Investigators located Taylor at the Twist a Top bar in Chamois, and a red, 2019 Chevy Silverado was parked in front of the business. As Reynolds walked past the vehicle, he noted what appeared to be a bloodstain on the left fender, which seemed to be a droplet of blood that had run down the fender to a length of 18 to 24 inches. Using a blood-detection kit, the stain field-tested positive.
At 10 p.m. Saturday, Taylor was contacted and agreed to be interviewed at the Osage County Sheriff’s Office. He agreed to be transported to the office, and his truck was subsequently seized to be searched pursuant to a warrant.
Taylor reportedly told investigators that witnesses could provide an alibi, stating that he was at the Twist a Top until 10:30 p.m. on Friday. However, witnesses informed authorities that they had seen Taylor leave the bar between 8:30 and 9 p.m., and had last seen him turning south on Highway 89.
The Gerloffs lived just south of Chamois on 89.
While a murder weapon has not been identified, several evidentiary items are being examined, and an autopsy will be conducted this week.
Motivation for the double homicide is not clear.
“We still have a lot of unanswered questions,” said Shaffer. “This investigation is still in its infancy.”
At the forefront of the investigation is forensics, particularly those of a digital nature.
“A lot of video evidence from multiple sources is being collected for examination,” said Shaffer. “We have not had much of that before in Osage County but the progress has been amazing. We are working closely with the DDCC and trying to fast-track everything to get this case resolved as soon as possible.”
Bonham said he is pleased with the collaboration.
“I’m very proud of the way the deputies, the Patrol, and the task force worked together hand-in-hand on this on a very difficult situation,” he said. “We were able to quickly take action. This is a very tragic event that will take a long time for the people of Chamois and our county to heal. Our prayers and thoughts are with the families.”
Chamois Mayor Elise Brochu said the community is reeling.
“We’re all stunned and deeply saddened by the events of last weekend,” she said. “Leonard and Pauline were a vibrant and well-loved part of our community, and our hearts go out to their family and the families of everyone involved.”
A large contingent of friends and family was on hand for Tuesday’s arraignment and stayed after Brandt brought the proceeding to a close to hear further explanation of the case from Grellner.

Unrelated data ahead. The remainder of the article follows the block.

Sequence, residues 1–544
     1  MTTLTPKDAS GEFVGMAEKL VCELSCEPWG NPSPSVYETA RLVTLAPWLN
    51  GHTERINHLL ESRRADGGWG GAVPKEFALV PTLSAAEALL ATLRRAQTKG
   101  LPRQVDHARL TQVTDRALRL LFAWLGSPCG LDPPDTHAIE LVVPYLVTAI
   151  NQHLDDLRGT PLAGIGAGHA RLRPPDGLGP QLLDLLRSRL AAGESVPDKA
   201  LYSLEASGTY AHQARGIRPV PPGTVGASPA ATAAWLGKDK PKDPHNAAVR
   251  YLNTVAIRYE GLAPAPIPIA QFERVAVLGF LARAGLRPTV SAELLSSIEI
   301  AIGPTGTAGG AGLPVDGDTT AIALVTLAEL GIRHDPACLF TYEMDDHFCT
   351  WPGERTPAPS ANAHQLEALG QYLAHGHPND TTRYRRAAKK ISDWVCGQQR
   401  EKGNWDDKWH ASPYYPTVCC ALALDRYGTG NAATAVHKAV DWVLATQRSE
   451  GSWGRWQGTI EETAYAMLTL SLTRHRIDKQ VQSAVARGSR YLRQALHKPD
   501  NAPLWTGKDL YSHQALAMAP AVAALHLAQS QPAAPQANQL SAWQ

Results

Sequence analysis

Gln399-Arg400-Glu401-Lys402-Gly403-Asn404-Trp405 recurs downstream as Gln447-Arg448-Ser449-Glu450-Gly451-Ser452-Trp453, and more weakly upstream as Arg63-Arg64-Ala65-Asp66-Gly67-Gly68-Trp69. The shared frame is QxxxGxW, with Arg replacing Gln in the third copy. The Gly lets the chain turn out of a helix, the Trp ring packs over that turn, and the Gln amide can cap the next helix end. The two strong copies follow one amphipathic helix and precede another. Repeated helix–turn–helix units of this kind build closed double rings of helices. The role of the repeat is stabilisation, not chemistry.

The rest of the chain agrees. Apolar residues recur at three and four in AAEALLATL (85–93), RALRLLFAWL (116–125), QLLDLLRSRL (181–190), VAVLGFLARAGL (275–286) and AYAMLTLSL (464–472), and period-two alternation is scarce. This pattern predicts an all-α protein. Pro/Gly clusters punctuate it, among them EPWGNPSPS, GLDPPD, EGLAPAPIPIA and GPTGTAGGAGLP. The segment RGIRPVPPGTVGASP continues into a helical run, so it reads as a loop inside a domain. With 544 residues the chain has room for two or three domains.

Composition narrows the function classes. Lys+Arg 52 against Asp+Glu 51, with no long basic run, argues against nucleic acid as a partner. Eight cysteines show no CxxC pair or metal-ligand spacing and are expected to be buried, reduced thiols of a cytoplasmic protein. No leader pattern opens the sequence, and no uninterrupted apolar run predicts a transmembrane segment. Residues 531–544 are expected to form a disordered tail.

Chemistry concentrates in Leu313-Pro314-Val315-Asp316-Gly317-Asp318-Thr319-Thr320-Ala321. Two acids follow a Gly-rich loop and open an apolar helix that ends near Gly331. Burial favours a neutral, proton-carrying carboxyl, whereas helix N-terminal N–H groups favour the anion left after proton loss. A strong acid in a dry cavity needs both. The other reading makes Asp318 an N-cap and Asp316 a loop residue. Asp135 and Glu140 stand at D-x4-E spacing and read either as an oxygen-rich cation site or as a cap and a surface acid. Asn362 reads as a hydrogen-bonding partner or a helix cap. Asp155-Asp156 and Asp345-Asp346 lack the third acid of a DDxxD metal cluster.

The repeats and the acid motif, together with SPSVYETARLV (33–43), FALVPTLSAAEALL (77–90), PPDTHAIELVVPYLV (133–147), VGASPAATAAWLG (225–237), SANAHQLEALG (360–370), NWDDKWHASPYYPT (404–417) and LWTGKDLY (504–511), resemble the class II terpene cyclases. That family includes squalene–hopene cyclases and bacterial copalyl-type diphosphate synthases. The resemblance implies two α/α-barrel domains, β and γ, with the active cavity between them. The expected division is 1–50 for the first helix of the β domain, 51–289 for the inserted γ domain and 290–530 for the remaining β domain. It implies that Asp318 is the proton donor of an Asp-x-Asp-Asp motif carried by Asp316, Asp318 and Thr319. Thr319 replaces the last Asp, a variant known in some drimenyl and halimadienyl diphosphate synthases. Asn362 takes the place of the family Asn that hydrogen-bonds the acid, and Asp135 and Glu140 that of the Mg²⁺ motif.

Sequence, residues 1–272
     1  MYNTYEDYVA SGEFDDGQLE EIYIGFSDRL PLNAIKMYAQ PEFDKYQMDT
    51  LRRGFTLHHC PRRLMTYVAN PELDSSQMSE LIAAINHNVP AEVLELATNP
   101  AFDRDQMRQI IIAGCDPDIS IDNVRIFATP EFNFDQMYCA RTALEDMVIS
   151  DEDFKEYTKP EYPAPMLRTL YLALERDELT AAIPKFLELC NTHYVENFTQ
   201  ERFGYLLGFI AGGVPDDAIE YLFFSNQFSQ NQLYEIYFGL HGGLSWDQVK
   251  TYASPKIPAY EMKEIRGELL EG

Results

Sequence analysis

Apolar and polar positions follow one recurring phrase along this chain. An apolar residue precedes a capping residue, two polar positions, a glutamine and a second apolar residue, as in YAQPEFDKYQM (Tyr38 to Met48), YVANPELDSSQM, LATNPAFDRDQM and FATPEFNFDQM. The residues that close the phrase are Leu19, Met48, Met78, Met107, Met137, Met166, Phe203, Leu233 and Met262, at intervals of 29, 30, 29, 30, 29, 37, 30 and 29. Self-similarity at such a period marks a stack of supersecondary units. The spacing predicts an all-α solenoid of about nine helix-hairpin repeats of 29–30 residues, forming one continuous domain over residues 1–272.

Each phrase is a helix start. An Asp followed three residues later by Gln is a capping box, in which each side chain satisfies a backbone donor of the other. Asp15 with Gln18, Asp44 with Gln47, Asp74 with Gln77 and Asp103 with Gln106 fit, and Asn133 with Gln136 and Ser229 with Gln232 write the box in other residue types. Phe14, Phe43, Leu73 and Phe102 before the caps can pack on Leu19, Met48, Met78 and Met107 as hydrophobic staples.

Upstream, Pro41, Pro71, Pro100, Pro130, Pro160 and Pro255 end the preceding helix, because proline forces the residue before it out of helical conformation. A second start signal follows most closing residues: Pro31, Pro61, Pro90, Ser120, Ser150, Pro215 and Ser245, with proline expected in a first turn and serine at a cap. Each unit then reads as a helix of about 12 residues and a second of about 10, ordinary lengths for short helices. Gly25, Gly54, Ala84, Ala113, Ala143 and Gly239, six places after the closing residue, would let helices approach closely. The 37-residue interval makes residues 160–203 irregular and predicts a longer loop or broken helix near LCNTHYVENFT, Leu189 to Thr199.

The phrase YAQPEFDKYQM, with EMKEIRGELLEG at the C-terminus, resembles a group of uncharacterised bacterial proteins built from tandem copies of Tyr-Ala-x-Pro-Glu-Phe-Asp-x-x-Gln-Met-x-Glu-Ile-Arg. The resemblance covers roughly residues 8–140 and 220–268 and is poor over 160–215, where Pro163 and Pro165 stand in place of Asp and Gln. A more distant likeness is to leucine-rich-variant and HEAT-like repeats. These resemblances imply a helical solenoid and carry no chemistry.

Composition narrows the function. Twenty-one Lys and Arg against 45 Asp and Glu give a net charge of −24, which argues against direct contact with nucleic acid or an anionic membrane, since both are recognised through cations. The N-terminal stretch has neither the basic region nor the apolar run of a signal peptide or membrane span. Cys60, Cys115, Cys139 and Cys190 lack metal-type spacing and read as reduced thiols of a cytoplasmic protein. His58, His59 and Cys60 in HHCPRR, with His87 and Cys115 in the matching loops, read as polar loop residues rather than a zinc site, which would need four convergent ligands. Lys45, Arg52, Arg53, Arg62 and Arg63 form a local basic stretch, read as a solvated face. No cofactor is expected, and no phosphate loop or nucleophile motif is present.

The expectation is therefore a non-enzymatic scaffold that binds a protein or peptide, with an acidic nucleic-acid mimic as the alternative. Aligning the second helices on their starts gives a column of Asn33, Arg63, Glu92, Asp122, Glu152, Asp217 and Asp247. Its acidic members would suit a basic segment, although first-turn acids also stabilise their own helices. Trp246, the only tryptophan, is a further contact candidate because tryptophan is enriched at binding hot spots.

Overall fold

“I have no words,” Grellner said. “You have my deepest sympathies. There is no way to truly understand this but your pain is felt by every human being in Osage County. This has impacted everyone.”
Murder has not occurred here in almost 20 years, and to Grellner’s knowledge, there hasn’t been a double homicide. When she became the prosecutor in February 2002, Grellner said there were four cases pending that involved deaths, one a second-degree murder, two more as a result of racketeering, and another involving a death while a felony crime was being committed.
Grellner told the group that this case will take time, especially since cases being heard this year were delayed last year due to COVID. However, when this case goes to trial, Grellner said she plans to set aside a week, and doesn’t expect it to go less than three days.
In the interim, she said she will never agree to bond. “You will hear the same argument I made today,” she said. “I don’t believe bond will be granted at this level.”
This case will remain at the Associate level until the preliminary hearing is conducted, after which it will be assigned to the Circuit level if enough evidence exists.
One family member asked why the death penalty was not mentioned as a possible punishment if Taylor if convicted. Grellner explained that this case lacks certain aggravating factors required to qualify it for capital punishment.
Instead, Taylor will serve 85 percent of his sentence if he is found guilty.
“It will be a cold day in you-know-what before I recommend a minimum sentence,” Grellner said of any attempt to plea-bargain.
Family members will have an opportunity to speak at the sentencing hearing in the event it comes to that.
Members of the Gerloff family expressed appreciation for the way law enforcement officers have handled this case.
“I commend them too,” she said. “They called with questions to make sure everything was handled properly, and they’re not done.”
Grellner cautioned that this is not an open-and-shut case, with investigators still working to gather all possible evidence.
Friends and family were united in their love for Leonard and Pauline Gerloff and said they are hopeful that justice is served. The victims are in-laws by marriage to Gasconade County’s clerk and elections official, Lesa Lietzow.